But clearly there could not be more of a difference between these two kinds of judgments. In particular, it seems obvious that this story about broccoli is just wrong. Common sense tells us that our feelings about broccoli may depend on two things. One, we may think that broccoli has a certain specific kind of taste and some people like that taste and others dislike it, which one it is may depend on what the person can taste, or it may depend on how they were raised, or just simply that they are disposed to like it or not and all of these vary from person to person. So there is nothing wrong with a person who thinks that broccoli tastes good, they simply have different tastes than ours and which you have doesn’t really matter. On the other hand we might say that broccoli has no determinate taste, it all depends on the person who does the tasting and the way that their taste buds are constituted.  Taste is a secondary property whose reality is totally mind dependant. So whether it is disgusting or not is relative to a person’s make up. Either of these common sense explanations of what is going on in the broccoli case differs dramatically from the common sense view of moral discourse. Only a madman would claim that our feelings about Saddam Hussein, the slaughter of children, truth telling, or promise keeping depended on us in either of the two ways mentioned above. Even Blackburn is not that reckless! He explicitly denies that anything like this is the right way to characterize moral disagreement. But the problem is that there is no way to distinguish these kinds of claims from the theoretical stand point of quasi-realism.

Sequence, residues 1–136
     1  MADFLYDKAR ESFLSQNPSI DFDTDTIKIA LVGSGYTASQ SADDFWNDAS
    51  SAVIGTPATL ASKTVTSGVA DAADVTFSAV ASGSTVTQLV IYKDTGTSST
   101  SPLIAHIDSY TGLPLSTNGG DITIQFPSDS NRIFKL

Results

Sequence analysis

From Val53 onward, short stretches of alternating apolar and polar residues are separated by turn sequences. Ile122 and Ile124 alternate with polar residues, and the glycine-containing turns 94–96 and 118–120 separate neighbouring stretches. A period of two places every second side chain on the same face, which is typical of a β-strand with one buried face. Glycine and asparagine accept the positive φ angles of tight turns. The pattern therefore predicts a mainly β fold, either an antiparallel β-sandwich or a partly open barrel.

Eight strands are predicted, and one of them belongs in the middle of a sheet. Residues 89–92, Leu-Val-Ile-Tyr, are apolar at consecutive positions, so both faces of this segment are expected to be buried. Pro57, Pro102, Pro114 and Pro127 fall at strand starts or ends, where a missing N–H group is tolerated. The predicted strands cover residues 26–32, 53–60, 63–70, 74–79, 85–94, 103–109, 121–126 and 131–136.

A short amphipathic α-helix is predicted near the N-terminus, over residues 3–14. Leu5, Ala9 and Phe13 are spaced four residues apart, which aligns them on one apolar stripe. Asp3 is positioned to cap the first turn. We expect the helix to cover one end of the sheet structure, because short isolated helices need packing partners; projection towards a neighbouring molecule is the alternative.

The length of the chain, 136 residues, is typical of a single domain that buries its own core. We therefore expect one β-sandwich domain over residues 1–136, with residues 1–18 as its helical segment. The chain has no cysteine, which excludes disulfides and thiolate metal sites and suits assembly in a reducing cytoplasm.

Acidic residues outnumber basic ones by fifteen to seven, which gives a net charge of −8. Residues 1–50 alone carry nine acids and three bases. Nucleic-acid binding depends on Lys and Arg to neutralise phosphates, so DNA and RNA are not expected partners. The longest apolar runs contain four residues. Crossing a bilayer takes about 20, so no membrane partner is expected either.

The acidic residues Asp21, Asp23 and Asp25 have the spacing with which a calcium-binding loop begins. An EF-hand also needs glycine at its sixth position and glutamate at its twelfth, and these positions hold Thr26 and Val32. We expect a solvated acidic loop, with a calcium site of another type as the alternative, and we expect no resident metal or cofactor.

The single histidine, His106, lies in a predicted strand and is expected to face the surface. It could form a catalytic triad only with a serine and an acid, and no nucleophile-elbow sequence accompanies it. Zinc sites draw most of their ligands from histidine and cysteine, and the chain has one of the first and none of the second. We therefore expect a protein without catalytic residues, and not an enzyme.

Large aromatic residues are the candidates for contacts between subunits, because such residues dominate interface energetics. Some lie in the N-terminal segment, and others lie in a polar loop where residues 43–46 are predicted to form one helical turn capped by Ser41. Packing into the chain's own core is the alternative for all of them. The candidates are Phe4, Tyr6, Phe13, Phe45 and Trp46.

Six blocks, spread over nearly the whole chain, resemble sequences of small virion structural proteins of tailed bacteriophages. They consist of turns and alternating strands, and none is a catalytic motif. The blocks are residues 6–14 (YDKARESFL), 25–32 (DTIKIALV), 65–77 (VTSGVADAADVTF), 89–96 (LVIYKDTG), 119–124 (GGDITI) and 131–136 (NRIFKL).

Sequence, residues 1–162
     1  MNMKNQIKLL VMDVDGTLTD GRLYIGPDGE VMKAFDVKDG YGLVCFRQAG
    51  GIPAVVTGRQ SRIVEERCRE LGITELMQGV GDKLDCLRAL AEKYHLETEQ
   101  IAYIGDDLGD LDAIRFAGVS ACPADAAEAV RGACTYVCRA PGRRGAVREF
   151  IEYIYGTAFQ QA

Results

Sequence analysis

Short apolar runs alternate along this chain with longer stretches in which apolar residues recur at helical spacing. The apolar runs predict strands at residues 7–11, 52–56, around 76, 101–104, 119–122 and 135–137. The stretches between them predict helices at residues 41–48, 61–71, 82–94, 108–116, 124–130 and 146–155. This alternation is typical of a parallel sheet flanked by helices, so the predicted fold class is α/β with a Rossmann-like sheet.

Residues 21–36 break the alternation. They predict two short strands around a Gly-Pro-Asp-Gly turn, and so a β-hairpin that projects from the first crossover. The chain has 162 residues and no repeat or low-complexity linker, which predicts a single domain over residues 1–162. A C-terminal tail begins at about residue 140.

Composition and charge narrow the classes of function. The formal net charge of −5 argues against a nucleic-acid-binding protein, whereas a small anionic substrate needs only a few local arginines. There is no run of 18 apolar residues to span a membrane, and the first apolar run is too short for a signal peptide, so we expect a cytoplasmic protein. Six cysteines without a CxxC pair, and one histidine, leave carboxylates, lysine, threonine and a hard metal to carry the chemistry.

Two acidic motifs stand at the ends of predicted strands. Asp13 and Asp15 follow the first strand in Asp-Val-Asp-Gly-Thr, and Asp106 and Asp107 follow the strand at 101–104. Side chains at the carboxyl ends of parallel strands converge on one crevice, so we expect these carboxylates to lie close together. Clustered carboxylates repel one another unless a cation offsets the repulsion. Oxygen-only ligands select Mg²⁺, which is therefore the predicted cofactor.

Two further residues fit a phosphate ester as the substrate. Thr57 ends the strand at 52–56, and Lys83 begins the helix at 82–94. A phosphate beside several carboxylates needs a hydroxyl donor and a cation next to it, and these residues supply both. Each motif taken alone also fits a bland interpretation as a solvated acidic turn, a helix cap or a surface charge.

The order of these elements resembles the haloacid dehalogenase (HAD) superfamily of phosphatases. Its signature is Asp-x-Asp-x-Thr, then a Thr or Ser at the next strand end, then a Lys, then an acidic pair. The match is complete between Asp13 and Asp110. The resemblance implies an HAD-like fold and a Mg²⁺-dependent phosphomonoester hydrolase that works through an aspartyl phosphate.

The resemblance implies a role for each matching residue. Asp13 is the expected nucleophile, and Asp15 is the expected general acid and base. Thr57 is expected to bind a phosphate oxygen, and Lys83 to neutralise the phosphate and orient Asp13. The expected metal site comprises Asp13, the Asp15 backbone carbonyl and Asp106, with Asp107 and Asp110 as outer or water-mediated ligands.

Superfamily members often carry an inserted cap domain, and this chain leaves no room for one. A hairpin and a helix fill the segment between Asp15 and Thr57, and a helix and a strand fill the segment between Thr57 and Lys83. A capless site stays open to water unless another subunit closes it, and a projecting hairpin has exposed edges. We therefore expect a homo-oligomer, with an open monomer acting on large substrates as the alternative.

Since the theory is unable to distinguish these obviously distinguishable kinds of judgments, there must be something seriously wrong with deflationism about truth as it relates to a theory of justification. In fact, it seems obvious what is wrong with it. It very obviously and flagrantly turns moral matters into matters of personal taste. It does this by invoking redundancy and claiming that all there is to truth is its function in natural language of voicing agreement. To say that something is true is simply to repeat what we have said. If we happen to have said something about rape or the taste of broccoli makes no difference. Once we take the deflationary account of truth seriously we are no longer able to take moral discourse seriously.